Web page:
In yesterday's saintly action, Richard Allen defeated Hannah Grier Coome 61% to 39% to advance to the Saintly Sixteen, where he'll face William Wilberforce for a shot at the Elate Eight.
Today it's Dominic vs. Marina the Monk in this intriguing battle of monastics. The winner of this matchup will square off against Ignatius of Loyola in the next round.
Yesterday's contest is, to our mind, one of the best things about Lent Madness (besides the swag in the Lentorium): Two lesser known saints with fascinating backstories amplified under the warm glow of the purple lights, to our collective inspiration and edification. Plus, while she didn't win, the electioneering by the Sisterhood of St. John the Divine in Canada on behalf of Hannah Grier Coome was something otherworldly (she was one of their early leaders). We encourage you to like their Facebook page, where you can see the good work they're doing and watch the slick (okay, heartwarming) campaign video they produced on Hannah's behalf. Nicely done, good sisters!
Born in Castille, Spain, in the twelfth century, Dominic became an Austin Canon (a priest following the rule of Saint Augustine) and lived in a religious community at the cathedral of Osma. In this role, he gained a reputation for both zealous scholarship and care for the poor. When forced to choose between the two, Dominic sold his books to help the infirm and needy.
As he moved up the church ranks, he traveled on diplomatic missions and in France, he met Cathars, members of a religious sect deemed heretical by the Roman Catholic church. Dominic understood that the only way to convert the Cathars was with missionaries who were both intellectually strong and living under a vow of poverty.
To that end, in 1215, he established the Order of Preachers in Toulouse, France, to supply the church with learned clergy who could travel two-by-two throughout Spain, France, and Italy. The newly founded Dominican Order had a democratic structure with superiors occupying positions of power for short terms. Support from several bishops as well as the pope were critical in Dominic’s success. By design, the Order of Preachers was also closely linked with universities all over Europe. Though he never converted the Cathars, the Dominican Order and Dominic’s ministry has transformed people throughout the ages.
Dominic died in Bologna in 1221 at the age of 51, worn out by his hard work, travel, and austerities. True to his vow of poverty, he was known to fast, wear threadbare clothing in winter, and refuse a bed. Iconography often shows Dominic with a lily, holding a torch, and with a black-and-white dog, which in Latin is a pun of the name domini canes (Dog of our Lord). He is the patron saint of astronomers because when he was baptized, his mother saw a star shining in his chest.
Although several Dominican friars became associated with the Inquisition, Dominic died before it began. However, the Spanish inquisitors had a painting made of Dominic as a sort of anachronistic justification of their actions, and Protestants ran with the characterization, using it to criticize the Dominicans of their day.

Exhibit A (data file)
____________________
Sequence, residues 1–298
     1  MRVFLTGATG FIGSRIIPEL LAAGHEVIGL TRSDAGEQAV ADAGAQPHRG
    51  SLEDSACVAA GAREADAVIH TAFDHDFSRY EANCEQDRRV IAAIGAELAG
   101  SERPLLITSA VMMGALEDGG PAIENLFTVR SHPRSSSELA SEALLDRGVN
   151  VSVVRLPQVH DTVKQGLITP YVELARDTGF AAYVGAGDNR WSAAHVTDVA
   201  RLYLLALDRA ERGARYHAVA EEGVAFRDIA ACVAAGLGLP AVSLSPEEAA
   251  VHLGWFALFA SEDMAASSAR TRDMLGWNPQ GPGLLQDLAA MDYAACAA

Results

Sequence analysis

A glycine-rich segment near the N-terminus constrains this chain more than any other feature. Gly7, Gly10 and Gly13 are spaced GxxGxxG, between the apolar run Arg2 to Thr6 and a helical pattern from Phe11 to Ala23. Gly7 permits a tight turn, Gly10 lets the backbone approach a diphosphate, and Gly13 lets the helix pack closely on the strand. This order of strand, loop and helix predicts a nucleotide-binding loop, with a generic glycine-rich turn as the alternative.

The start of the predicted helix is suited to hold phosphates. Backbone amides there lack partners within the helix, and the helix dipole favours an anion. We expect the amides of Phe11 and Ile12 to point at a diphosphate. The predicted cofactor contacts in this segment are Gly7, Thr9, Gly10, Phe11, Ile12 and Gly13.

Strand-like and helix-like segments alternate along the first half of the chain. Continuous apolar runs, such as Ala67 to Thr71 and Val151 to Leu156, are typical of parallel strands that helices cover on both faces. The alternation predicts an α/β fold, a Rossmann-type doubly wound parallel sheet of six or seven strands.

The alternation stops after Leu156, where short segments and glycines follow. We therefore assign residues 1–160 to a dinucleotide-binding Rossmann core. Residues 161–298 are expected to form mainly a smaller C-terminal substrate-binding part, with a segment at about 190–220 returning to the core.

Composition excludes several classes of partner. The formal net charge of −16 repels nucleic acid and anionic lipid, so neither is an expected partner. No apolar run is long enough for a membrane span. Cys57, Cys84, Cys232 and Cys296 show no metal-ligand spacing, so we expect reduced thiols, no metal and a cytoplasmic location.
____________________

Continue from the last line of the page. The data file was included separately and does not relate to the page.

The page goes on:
Collect for Dominic
Almighty God, Grant unto all your people a hunger for your Word and an urgent longing to share your Gospel, that like your servant Dominic we might labor to bring the whole world to the knowledge and love of you as you are revealed in your Son Jesus Christ; who lives and reigns with you and the Holy Spirit, one God, for ever and ever. Amen.
Marina the Monk
The details of Marina’s life are sketchy, but it’s generally believed she lived in the fifth or eighth centuries in Lebanon. Her mother died when she was young, and she was raised by her devout Christian father, who planned to retire to the Monastery of Qannoubine after she was married. When she was old enough to marry, Marina asked her father why he would save his own soul and “destroy” hers. He answered, “What shall I do with you? You are a woman.”
She immediately shaved her head, dressed herself in men’s clothing, and took the male name Marinos.
Seeing his child was serious, Marinos’ father was supportive, and the two entered the monastery together, sharing a cell there until he died. After that time, Marinos lived an increasingly ascetic life of fasting and prayer.
But that’s not what the monk is most remembered for.
Some time later, Marinos was traveling on business for the monastery and spent the night at an inn. The innkeeper’s daughter was raped, and when she became pregnant, her abuser told her to name Marinos as the child’s father.
The abbott confronted Marinos. Because the monk did not immediately offer a defense, the abbot took it to be an admission of guilt and forced Marinos to leave the monastery.
Marinos remained at the gates, living as a beggar and raising the child born to the innkeeper’s daughter. A number of years passed before the monks convinced the abbot to allow Marinos to return.
Marinos died at age forty after a brief illness. While preparing the body for burial, the monks were shocked to discover Marinos could not have fathered the child.
Unlike Joan of Arc, Marinos was not dismissed as a heretic or witch. Rather, all reportedly were convicted of how unjustly they had treated the pious monk. Another monk who was blind in one eye even claimed he miraculously recovered his sight during the funeral prayers.
Collect for Marinos
Teach us, Lord God, to refrain from false judgments about the sins of others, and to hold fast to our path of discipleship when we suffer unjustly because of judgments made by others. All this we ask in the name of Jesus Christ, our only mediator and advocate. Amen.
Dominic vs. Marinos the Monk
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